Borrowing money has rarely been cheaper, as interest rates are close to their lowest levels of the last 10 years. That might mean that getting a personal loan makes a lot of sense to help you achieve one or more of your financial goals.

But even if you’re considering applying for a loan, it’s easy to get overwhelmed by some of the jargon that gets thrown around on the websites of banks and other lenders. To help you find your way, here’s a beginner’s primer on the terms, details, and other key facts about personal loans.

The Terms

The length of time you hold the loan is called the term. The amount you borrow on a personal loan is called the principal. When you begin paying back your loan, you’ll also pay an additional amount that represents a small percentage of the principal amount. This is the interest rate – it’s how banks make a profit by lending you money.

Interest rates can be either fixed or variable. Fixed rates lock in a set percentage for the term of the loan, which is often from two to five years. A variable rate changes when other interest rates change (for example, when the cost for the bank’s own borrowing goes up or if the Federal Reserve raises or lowers interest rates). Most personal loans, however, have fixed rates.

You may also see a reference to the annual percentage rate, or APR. This is an easy apples-to-apples way of comparing interest rates across borrowers. It’s the annual rate that is charged on the loan’s principal amount that expresses the actual yearly interest rate cost of the loan, plus fees or additional costs (the interest rate by itself does not include fees or additional costs). Banks and other lenders are required by law to show customers the APR they’ll be charged.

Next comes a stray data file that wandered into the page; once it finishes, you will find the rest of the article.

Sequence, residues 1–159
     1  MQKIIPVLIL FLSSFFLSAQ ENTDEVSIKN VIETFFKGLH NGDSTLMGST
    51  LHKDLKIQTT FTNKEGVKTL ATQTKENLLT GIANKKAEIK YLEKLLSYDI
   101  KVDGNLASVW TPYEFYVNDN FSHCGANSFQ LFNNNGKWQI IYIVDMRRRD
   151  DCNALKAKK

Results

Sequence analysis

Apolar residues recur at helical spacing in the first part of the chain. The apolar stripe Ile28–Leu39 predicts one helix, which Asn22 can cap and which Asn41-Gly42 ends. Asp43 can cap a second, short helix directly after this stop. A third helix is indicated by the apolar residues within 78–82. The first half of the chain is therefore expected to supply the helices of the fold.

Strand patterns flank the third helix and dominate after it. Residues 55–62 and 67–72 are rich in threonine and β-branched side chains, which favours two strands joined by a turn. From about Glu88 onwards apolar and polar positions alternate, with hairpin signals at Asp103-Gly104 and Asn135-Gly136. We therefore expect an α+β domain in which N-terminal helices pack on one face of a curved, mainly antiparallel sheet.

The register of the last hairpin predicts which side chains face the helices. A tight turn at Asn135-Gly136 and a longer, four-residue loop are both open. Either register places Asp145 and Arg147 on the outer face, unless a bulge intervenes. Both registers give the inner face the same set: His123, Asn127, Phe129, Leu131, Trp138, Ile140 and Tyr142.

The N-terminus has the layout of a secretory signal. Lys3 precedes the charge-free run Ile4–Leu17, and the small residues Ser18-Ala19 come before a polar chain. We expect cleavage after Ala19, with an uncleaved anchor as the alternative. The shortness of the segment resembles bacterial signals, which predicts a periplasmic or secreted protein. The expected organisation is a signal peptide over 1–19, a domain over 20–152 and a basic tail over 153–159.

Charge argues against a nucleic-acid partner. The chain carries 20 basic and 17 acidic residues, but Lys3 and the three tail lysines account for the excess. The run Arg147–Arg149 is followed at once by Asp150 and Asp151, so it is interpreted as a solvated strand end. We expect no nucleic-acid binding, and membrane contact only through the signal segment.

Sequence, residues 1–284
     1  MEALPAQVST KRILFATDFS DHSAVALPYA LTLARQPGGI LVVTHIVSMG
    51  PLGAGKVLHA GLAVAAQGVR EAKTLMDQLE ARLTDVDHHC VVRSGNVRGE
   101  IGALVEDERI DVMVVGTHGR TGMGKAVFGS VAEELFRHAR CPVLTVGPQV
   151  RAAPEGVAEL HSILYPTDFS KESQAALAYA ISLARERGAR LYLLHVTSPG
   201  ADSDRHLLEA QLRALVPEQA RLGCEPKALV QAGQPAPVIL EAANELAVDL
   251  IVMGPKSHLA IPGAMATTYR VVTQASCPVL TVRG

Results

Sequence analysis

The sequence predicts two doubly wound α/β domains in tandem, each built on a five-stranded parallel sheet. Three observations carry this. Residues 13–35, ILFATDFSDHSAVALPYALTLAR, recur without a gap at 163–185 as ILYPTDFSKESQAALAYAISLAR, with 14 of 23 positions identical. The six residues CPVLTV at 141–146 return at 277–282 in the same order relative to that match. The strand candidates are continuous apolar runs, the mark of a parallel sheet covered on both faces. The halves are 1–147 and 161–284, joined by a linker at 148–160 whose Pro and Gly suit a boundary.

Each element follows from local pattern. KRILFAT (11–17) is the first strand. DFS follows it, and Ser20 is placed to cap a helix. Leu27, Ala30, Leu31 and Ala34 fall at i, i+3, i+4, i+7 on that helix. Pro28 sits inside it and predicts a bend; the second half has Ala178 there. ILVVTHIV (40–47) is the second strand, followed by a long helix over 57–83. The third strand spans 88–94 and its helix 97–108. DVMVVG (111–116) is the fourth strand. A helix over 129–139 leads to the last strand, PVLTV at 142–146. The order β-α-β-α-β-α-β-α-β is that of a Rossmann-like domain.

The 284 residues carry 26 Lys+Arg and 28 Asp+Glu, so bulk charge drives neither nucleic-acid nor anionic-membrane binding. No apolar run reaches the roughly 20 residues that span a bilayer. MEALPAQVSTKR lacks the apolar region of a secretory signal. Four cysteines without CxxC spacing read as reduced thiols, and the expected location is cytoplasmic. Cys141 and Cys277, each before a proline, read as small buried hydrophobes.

Types of Loans

There are generally two types of loans – secured and unsecured. A secured loan is acquired by pledging an asset of yours, such as a car, property, or a savings account as collateral. By using a secured loan, you can often get a lower interest rate since, because from the bank’s point of view, you have a tangible asset that would cover the loan debt in case you fail to repay.

Unsecured loans have no collateral to back them up, so you’ll likely pay a higher interest rate than you would for a secured loan. Most lenders will look at your credit score (find out your credit score for free at MoneyLion) to determine whether giving you a loan is a good risk.

When a Personal Loan Might Be a Good Idea

A personal loan could make sense when it’s your lowest-cost option to get money that allows you to pay for something that you can’t buy outright immediately – or when it saves you money in the future. That’s why using a loan to pay off -- or consolidate -- some of your debt is one of the most common uses for a personal loan. Here’s a quick example: If you get a personal loan with an APR of 7 percent to pay off a credit card with an APR of 10 percent on a revolving balance, you could save yourself thousands of dollars in interest costs.

But many people also use personal loans to pay for home improvement projects, to cover school supplies – or even to pay for weddings or vacations. The key is that the loan shouldn’t make your financial standing worse over the long term by becoming just another debt that you can’t pay back.

When You Should Be Wary About Getting a Personal Loan
A personal loan isn’t always the best option to increase your financial reach. If your credit is in good standing, for example, you may be able to qualify for a credit card that offers you a zero percent interest rate for 12 months or even longer.

If your credit is on the borderline, be aware that applying for a loan can trigger what’s called a “hard inquiry” into your credit score – this can lower your score (to learn more about your credit score, read our “What's my credit score? Why it's critical to know this three-digit number” post), affecting the interest rate you might be able to get for a loan. Also, always be mindful about applying for too many loans, which can also lower your credit score. For tips on how you can improve your credit score, see our “5 easy ways to help raise your credit score” post.

Most importantly, make sure you can pay off your loan over the entire term. Because unsecured loans aren’t backed by any property, your inability to pay back the loan could subject you to legal action.

Our Shameless Plug!

Now that you have the basics down, keep MoneyLion in mind if you’re ever looking for a personal loan option. You can apply online in minutes. Our rates are competitive, are unsecured (no collateral necessary), and if you’re approved you can get your money as soon as next business day. Best of all we provide free tools like credit monitoring, personal financial management tools, and rewards so that you can achieve financial wellness.